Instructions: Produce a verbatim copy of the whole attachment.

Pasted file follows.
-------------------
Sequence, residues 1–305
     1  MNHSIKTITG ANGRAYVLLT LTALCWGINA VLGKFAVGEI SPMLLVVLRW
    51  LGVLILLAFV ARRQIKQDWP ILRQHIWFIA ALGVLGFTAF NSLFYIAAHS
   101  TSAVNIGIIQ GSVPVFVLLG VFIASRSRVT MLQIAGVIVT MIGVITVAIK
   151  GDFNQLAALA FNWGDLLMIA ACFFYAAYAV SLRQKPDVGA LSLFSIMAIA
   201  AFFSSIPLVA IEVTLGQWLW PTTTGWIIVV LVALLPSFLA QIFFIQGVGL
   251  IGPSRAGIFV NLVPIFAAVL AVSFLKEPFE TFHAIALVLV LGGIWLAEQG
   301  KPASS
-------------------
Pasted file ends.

Sequence, residues 1–305
     1  MNHSIKTITG ANGRAYVLLT LTALCWGINA VLGKFAVGEI SPMLLVVLRW
    51  LGVLILLAFV ARRQIKQDWP ILRQHIWFIA ALGVLGFTAF NSLFYIAAHS
   101  TSAVNIGIIQ GSVPVFVLLG VFIASRSRVT MLQIAGVIVT MIGVITVAIK
   151  GDFNQLAALA FNWGDLLMIA ACFFYAAYAV SLRQKPDVGA LSLFSIMAIA
   201  AFFSSIPLVA IEVTLGQWLW PTTTGWIIVV LVALLPSFLA QIFFIQGVGL
   251  IGPSRAGIFV NLVPIFAAVL AVSFLKEPFE TFHAIALVLV LGGIWLAEQG
   301  KPASS